People belonging to most professions have been affected by lockdowns around the world caused due to Coronavirus. Those who are part of the oldest have also been struggling to earn a livelihood. In the German town of Hamburg, prostitutes took to the streets demanding that the government allow brothels to reopen.
Prostitution is legal in Germany but the government has not allowed bordellos to start functioning again. That is not the case with other outlets such as restaurants and shops. This has prompted sex workers to allege that the government is treating them unfairly.
Association of Sex Workers was the organization behind these demonstrations. They took place on July 11 in Hamburg's red-light area in Herbertstrasse. Apart from banners and placards, the protest also saw some demonstrators wearing decorated masks and one of them even sung folk songs while playing the violin to make their case.
In its statement, the association tried to assuage the fears of authorities regarding lack of hygiene in brothels. "Prostitution does not carry a greater risk of infection than other close-to-body services, like massages, cosmetics or even dancing or contact sports. Hygiene is part of the business in prostitution."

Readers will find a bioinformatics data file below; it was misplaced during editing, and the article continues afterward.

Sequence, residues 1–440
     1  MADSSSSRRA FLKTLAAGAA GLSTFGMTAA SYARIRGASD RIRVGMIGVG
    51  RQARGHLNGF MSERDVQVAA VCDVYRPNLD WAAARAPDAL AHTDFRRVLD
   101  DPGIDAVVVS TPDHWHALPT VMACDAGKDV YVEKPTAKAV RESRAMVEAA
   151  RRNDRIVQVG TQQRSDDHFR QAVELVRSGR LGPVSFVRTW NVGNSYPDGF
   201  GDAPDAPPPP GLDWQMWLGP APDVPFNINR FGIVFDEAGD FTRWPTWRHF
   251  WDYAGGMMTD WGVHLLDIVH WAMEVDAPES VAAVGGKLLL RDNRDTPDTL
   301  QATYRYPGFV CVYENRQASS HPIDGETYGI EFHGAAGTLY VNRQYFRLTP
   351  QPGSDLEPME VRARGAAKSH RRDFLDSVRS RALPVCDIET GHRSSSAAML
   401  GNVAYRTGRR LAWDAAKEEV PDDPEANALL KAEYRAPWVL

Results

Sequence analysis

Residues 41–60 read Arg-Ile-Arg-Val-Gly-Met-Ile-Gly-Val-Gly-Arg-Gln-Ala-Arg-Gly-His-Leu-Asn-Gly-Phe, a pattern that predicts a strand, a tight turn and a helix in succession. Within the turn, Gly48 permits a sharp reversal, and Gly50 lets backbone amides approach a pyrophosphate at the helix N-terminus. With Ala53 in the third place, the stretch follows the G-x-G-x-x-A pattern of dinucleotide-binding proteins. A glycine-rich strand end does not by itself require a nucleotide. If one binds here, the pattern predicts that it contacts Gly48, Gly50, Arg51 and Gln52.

While Coronavirus isn't considered to be a sexually transmitted disease, it is totally understandable why the government is hesitant to allow them to reopen. With Europe suffering heavily from the spread of COVID-19, any activity that involves a lack of social distancing will be considered dangerous.
However, there is one good reason why the government might have to think seriously about reopening these places. With the profession being legal, it is possible for the authorities to keep tabs on how the brothels are managing hygiene-related issues. But if they remain closed, many of the sex workers will be forced to work illegally behind the government's back.
Such behaviour would be even more dangerous as then there would be no motivation for the prostitutes to take even the basic steps to avoid contracting the diseases. Overall, this issue presents a complex question to the German authorities. At least, they have to provide help to those involved in this profession, otherwise, their survival may be in doubt.